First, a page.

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I just read Wolfram's blog post on the Higgs discovery.

Still, there’s another problem. To get the observed particle masses, the background Higgs field that exists throughout the universe has to have an incredibly high density of energy and mass. Which one might expect would have a huge gravitational effect—in fact, enough of an effect to cause the universe to roll up into a tiny ball. Well, to avoid this, one has to assume that there’s a parameter (a “cosmological constant”) built right into the fundamental equations of gravity that cancels to incredibly high precision the effects of the energy and mass density associated with the background Higgs field.

Then I recalled that one of the great unsolved problems in physics is why the zero-point energy of the vacuum predicts a very large cosmological constant which is not observed.

The language used to describe these two effects confuses me, but as far as I can tell, Higgs->contraction and ZPF->expansion

Any chance these two effects are in balance?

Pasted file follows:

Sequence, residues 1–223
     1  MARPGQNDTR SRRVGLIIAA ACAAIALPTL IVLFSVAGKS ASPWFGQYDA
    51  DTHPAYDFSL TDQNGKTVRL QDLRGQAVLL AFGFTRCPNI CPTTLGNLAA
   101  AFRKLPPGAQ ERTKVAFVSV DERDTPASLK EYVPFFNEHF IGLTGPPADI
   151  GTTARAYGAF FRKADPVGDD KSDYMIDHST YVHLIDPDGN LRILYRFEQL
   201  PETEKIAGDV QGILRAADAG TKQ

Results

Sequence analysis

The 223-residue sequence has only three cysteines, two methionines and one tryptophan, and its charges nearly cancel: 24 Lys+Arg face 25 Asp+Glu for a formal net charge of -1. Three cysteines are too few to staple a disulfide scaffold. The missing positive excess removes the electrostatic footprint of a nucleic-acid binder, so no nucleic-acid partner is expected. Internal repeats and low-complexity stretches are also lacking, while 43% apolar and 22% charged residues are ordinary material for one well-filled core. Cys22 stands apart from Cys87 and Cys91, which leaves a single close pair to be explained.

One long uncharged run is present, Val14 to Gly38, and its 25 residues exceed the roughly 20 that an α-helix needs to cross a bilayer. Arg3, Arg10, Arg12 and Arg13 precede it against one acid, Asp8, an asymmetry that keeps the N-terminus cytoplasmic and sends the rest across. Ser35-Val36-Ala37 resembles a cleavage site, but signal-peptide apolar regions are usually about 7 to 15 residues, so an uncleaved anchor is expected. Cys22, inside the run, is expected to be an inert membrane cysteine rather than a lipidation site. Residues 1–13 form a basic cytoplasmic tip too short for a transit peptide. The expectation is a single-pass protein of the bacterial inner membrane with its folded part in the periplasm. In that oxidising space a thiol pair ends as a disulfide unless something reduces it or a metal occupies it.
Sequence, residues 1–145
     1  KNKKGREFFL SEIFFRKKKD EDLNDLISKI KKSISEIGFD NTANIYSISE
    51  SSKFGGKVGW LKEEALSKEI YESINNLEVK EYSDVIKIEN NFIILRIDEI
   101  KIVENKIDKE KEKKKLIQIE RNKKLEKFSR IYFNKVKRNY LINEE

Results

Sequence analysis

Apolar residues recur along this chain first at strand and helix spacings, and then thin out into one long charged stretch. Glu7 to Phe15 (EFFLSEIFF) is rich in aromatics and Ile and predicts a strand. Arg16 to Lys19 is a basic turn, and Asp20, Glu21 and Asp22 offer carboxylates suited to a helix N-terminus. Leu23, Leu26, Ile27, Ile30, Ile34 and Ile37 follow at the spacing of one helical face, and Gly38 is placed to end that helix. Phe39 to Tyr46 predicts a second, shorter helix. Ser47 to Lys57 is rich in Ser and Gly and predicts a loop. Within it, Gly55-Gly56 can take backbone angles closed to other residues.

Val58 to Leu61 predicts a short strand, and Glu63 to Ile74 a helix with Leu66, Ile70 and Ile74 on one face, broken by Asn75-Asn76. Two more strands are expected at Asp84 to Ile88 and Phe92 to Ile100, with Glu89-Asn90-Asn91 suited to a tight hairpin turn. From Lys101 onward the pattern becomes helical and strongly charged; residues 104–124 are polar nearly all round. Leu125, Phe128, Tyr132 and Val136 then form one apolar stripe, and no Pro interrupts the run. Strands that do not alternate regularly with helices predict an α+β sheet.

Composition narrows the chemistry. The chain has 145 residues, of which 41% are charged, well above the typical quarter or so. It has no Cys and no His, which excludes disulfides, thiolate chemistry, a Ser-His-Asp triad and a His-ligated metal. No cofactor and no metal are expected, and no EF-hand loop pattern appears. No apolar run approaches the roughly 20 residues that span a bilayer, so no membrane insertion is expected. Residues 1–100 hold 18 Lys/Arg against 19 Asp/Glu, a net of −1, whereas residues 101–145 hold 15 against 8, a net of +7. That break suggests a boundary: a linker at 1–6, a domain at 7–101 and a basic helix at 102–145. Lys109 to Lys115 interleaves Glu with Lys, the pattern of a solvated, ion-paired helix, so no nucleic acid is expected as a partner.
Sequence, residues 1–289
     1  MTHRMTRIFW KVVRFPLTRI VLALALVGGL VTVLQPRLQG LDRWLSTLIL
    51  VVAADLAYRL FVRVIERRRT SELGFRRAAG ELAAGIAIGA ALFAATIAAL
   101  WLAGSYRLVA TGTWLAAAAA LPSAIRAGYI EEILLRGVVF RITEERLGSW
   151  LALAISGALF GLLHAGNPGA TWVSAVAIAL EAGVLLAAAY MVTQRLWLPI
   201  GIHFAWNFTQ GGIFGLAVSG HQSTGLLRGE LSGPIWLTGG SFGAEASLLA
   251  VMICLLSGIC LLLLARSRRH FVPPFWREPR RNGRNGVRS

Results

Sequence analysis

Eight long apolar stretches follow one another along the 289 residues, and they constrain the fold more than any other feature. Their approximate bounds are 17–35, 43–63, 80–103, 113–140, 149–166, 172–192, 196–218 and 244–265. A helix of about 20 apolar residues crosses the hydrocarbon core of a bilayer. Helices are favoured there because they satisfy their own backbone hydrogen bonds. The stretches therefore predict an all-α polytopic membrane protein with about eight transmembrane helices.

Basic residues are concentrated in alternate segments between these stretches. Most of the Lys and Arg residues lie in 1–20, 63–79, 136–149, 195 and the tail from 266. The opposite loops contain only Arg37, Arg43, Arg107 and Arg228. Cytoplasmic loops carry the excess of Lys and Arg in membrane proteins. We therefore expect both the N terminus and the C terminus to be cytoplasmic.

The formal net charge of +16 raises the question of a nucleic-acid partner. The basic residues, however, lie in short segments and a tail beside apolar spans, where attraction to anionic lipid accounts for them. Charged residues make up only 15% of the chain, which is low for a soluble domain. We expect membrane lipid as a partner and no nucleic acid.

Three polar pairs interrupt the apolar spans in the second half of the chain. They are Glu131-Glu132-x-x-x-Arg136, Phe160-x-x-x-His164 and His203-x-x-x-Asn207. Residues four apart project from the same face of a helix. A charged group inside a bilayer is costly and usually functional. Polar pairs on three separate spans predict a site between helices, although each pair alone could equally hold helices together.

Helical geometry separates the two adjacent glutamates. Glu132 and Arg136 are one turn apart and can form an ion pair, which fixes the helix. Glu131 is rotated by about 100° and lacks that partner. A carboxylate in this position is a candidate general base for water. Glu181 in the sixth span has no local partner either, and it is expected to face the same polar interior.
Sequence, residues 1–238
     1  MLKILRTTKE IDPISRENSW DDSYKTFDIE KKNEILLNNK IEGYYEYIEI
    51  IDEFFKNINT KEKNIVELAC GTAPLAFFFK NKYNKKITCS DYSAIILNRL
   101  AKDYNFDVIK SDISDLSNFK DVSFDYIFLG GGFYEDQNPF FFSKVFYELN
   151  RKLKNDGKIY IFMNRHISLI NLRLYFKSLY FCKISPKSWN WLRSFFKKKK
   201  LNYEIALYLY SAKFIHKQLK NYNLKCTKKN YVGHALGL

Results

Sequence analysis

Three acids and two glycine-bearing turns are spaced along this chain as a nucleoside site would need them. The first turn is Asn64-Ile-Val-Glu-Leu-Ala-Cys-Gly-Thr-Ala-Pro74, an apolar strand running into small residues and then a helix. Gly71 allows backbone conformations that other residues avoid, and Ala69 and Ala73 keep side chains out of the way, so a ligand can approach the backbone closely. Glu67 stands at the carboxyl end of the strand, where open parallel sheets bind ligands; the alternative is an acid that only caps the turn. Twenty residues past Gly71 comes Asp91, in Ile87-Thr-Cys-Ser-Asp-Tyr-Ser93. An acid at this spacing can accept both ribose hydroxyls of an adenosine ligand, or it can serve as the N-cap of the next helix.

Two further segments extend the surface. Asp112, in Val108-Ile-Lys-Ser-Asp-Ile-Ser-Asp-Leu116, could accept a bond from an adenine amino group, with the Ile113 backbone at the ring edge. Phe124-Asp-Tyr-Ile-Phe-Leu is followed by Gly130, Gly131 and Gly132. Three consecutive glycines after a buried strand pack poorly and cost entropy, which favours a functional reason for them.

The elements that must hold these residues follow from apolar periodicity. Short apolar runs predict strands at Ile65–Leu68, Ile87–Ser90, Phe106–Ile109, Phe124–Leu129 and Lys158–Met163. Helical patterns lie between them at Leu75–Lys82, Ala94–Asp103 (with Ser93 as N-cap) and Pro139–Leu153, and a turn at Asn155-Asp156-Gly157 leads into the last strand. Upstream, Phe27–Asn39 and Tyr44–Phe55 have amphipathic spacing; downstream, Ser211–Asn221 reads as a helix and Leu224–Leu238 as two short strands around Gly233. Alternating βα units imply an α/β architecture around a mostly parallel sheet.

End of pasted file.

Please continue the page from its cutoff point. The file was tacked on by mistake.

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The effective cosmological constant has potential contributions from several sources: 1) Scalar field potentials like from the Higgs field which does not have to have its minimum at V=0. 2) Quantum vacuum fluctuations. 3) A cosmological constant.

Note that all of these contributions can be positive or negative and are potentially many orders of magnitude larger than the observed cosmological constant. So the cosmological constant problem is why do all these potentially very large terms almost exactly cancel.

One proposed solution is that on very large scales there is a landscape (multiverse) of different potential minima (perhaps from string theory) and galaxies can only form in those pocket-universes where the different contributions in the landscape give a sufficiently small effective cosmological constant. You can see Weinberg's famous paper on it for more details:

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